Well, it doesn't sound to me like it would be a very simple machine. Your average bicycle weight weenie is going to be hard to convince. But I guess I agree with what I understand to be your basic premise, that at moments when genius and the spirit of innovation cross that seemingly insoluble problems can sometimes have simple solutions.

So I concede that CVT is a good thing to wish for. Even for someone who drives a stick.

By the way, as for your example of how to get that 78 inch ratio? My Campagnolo 10 speed casette is a 13-26. 13-14-15-16-17-18-19-21-23-26. So I already have a choice between 53-17 and 53-19. And you are right, that's what I like about my current transmission, lots of choices.
BeltsScot_Gore
Nov 5, 2003 7:17 AM
Do you mean inherant power loss when using a belt because of it's need to be fairly flexible i.e strechy. I was thinking you could use a belt material that had almost no give (like a chain) and use a tension device similiar to the one we use today.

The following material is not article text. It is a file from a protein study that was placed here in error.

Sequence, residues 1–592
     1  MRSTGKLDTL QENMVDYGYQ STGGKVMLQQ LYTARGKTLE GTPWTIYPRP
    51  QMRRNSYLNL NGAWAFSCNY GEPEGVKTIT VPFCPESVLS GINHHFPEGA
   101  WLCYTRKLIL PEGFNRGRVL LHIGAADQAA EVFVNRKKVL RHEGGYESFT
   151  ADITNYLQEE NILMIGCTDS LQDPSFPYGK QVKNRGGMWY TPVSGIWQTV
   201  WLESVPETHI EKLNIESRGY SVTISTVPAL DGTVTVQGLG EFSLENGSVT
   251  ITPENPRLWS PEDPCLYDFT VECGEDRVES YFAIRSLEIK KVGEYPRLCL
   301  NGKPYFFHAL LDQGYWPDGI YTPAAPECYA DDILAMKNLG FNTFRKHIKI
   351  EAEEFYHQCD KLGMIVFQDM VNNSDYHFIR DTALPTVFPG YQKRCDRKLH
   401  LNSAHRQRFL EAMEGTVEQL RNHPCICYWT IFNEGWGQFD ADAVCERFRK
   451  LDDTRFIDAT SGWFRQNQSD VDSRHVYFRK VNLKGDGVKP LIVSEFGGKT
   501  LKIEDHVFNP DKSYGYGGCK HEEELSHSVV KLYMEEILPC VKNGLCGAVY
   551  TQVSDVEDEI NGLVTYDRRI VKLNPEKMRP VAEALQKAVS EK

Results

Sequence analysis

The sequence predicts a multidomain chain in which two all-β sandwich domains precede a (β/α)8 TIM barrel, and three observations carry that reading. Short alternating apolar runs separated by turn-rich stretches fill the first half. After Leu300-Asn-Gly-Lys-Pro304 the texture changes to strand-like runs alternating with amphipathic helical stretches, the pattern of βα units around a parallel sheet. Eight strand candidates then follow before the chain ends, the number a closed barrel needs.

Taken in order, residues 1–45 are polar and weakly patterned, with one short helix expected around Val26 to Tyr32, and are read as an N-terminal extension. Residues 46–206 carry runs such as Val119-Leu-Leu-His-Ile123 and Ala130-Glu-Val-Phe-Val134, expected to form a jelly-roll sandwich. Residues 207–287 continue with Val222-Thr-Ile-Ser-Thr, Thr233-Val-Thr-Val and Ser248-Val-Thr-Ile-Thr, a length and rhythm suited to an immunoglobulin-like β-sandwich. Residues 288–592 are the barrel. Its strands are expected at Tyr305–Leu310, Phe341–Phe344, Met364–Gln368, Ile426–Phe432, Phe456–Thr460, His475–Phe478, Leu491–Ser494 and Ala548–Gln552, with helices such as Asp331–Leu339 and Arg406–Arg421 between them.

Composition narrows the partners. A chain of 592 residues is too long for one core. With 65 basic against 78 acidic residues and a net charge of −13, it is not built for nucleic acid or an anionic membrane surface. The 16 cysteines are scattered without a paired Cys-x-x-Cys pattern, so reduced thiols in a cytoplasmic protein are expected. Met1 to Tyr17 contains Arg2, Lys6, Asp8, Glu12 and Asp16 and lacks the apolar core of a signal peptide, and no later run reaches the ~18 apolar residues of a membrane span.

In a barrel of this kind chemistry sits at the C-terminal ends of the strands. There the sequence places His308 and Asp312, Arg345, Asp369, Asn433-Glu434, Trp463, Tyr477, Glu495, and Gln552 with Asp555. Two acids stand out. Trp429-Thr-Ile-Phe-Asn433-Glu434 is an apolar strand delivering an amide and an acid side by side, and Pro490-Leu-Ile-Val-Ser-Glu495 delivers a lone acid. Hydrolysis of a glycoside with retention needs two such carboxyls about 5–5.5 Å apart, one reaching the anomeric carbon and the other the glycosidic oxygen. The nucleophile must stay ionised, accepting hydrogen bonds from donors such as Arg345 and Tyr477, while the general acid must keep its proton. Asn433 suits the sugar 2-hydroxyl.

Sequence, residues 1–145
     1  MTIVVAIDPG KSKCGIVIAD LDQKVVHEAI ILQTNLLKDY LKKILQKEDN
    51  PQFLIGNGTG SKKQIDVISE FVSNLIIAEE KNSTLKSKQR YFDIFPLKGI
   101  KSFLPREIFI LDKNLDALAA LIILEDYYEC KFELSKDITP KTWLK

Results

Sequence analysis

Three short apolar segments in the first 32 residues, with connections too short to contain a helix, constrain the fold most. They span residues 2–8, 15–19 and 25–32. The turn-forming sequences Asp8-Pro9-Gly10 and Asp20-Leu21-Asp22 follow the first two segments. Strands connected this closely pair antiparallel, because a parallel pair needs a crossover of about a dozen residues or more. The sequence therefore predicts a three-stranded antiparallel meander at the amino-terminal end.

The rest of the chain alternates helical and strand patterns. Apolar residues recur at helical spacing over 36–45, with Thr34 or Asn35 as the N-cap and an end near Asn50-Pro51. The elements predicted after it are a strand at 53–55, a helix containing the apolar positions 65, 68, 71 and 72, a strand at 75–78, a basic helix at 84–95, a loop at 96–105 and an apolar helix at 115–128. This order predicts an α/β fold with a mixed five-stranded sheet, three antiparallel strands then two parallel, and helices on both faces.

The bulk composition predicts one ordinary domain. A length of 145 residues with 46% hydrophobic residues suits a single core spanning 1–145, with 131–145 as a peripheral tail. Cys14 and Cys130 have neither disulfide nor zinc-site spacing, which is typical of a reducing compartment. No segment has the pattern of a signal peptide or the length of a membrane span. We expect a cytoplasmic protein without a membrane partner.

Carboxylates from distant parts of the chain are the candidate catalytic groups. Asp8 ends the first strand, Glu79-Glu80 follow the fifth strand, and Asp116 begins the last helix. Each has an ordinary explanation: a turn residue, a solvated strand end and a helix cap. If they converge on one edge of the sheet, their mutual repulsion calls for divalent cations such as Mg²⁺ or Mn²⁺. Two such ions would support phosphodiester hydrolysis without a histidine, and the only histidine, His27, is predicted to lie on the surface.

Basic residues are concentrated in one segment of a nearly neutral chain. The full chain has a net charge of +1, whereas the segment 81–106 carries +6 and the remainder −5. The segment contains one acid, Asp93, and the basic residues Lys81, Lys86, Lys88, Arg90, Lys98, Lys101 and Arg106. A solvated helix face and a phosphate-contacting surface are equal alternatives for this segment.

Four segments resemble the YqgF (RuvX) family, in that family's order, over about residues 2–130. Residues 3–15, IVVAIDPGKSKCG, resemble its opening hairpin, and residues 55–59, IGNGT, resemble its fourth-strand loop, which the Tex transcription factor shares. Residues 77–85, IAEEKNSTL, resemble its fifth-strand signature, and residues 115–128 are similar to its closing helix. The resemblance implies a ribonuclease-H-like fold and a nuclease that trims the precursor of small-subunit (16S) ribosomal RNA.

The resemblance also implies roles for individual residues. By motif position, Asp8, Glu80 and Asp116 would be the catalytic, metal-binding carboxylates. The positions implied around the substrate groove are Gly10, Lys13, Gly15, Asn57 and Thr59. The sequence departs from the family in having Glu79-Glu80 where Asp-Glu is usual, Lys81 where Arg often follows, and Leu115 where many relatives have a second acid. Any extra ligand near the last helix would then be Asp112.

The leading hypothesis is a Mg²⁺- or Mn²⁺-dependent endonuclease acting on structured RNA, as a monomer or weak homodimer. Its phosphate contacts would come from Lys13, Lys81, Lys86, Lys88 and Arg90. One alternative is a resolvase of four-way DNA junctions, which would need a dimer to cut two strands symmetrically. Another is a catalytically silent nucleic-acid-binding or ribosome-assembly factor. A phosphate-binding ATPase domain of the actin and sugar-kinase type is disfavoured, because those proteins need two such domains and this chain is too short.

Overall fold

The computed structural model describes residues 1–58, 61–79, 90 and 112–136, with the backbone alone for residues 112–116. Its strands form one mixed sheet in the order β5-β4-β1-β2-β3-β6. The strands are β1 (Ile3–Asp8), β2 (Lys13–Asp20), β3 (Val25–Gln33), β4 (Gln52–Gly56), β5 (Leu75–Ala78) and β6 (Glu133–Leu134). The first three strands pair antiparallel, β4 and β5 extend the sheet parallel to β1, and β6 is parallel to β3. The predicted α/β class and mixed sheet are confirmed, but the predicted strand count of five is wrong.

It's the transmision mechanism that changes ratios that I have a hard time imagining a way it would work.

I'm no engineer or material scientist (where's hummah) these are just my amatuer musings.

I enjoy this kind of speculative dialog.

Thanks
Scot
BeltsEvilDeer
Nov 5, 2003 7:16 PM
Belts have inherent losses in them, while chains can theoretically have perfect power transmission (only small frictional losses as the plates slide against each other)

Belts are made of some type of elastomeric material and as the belt bends around the gear/pully it compresses and uncompresses. Because the material is not a perfect spring energy is lost as this happens.
don't think it will happenmackgoo
Nov 5, 2003 7:24 AM
The electric was in the Tour this year.